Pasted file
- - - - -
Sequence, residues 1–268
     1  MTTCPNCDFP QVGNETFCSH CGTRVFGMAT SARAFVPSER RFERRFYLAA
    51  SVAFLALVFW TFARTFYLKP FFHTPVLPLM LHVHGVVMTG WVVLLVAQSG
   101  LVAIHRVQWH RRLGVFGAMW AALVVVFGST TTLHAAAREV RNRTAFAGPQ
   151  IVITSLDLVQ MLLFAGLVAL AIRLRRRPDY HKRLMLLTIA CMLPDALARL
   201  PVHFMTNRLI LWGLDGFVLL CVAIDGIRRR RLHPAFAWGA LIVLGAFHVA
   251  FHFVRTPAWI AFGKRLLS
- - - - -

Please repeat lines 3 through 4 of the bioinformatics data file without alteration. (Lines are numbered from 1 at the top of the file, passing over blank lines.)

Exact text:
    51  SVAFLALVFW TFARTFYLKP FFHTPVLPLM LHVHGVVMTG WVVLLVAQSG
   101  LVAIHRVQWH RRLGVFGAMW AALVVVFGST TTLHAAAREV RNRTAFAGPQ